Born Walter Raphael "Walt" Hazzard Jr., on April 15, 1942, Walt Hazzard was an American college, Olympic and professional basketball player and college basketball coach, best known for his association with the men's basketball team at the University of California in Los Angeles. He attended Overbrook High School in Philadelphia, Pennsylvania where he played basketball and became the city's player of the year in his senior year. He also attended UCLA, helping the UCLA Bruins make their first appearance in the 1962 NCAA Men's Division I Basketball Tournament.
During Hazzard's time in the Bruins, the team won the NCAA Championship with Hazzard getting selected as the tournament's Most Valuable Player. Sports Illustrated featured him in their cover photograph dribbling the basketball up court and the headline. Hazzard was also chosen as an All-American and as College Player of the Year by the United States Basketball Writers Association (USBWA). His number 42 jersey was retired by UCLA in 1996 in Pauley Pavilion.
In 1964, Hazzard earned a spot on the 1964 Olympic basketball team for the United States, which won the gold medal, afterward making the NBA draft of 1964 by the Los Angeles Lakers, leter playing in the Seattle SuperSonics, the Atlanta Hawks, the Buffalo Braves, and briefly for the Golden State Warriors. He returned to the SuperSonics for the 1973-74 season, after which he retired from professional basketball. His popularity allowed him to enjoy brief acting roles, such as a walk-on role on "Gilligan's Island" and a role on "The Cosby Show" in 1986.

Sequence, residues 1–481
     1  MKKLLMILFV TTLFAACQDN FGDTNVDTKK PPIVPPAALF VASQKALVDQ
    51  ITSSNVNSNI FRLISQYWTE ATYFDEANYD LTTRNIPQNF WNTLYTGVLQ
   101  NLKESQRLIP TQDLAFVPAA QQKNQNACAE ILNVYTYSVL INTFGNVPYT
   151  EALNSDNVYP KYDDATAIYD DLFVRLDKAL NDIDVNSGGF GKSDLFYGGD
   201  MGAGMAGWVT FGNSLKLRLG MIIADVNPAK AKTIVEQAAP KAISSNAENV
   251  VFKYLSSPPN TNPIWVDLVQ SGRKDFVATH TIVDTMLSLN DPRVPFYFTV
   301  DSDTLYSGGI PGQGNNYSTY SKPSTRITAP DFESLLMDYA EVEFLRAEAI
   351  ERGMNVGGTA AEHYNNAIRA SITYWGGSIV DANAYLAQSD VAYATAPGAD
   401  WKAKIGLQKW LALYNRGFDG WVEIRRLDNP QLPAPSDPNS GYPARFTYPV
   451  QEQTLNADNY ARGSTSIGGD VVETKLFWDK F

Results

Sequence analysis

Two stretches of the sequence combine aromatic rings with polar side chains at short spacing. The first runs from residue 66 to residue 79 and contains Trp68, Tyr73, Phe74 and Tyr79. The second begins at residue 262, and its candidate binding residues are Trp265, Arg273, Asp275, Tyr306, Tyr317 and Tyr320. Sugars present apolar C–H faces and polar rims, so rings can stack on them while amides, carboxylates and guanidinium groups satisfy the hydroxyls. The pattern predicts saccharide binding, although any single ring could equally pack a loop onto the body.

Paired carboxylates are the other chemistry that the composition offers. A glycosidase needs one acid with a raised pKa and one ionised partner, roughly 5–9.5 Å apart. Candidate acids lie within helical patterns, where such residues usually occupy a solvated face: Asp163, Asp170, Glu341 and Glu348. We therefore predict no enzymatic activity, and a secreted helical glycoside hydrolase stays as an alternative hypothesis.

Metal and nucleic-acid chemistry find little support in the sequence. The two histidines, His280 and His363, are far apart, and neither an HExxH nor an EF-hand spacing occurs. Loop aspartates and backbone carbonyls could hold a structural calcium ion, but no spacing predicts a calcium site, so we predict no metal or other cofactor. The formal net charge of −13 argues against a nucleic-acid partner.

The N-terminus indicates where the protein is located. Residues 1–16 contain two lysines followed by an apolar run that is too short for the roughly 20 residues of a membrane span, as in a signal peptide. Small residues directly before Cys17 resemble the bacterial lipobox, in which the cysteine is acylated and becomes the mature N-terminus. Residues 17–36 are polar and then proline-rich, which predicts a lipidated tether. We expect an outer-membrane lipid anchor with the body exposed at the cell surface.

In 1984, he returned to UCLA as its men's basketball coach; it was the same year he was inducted into the UCLA Athletics Hall of Fame. He coached for four seasons, later spening a number of years working for the Los Angeles Lakers, as an advance scout on the west coast and later as a special consultant.
During his professional basketball career, Hazzard converted to Islam and changed his name to Mahdi Abdul-Rahman, later returning to using the name Walt Hazzard professionally while remaining true to his faith.
On March 22, 1996, Hazzard was hospitalized following a stroke, and although he later made a substantial recovery, his health never returned in full due to his illness. Although less active in his life, Lakers owner Jerry Buss promised Hazzard's family that he would remain on the team's payroll as an employee as long as he owned the team. However, Hazzard's health deteriorated significantly, and he was hospitalized in intensive care. He died at the UCLA Ronald Reagan Medical Center due to complications following heart surgery on November 18, 1996. He was interred at Rose Hills Memorial Park in Los Angeles, survived by his wife, Jaleesa, and four children, Yakub, Jalal, Rasheed and Khalil, a record producer, known in hip-hop circles by the stage name DJ Khalil.


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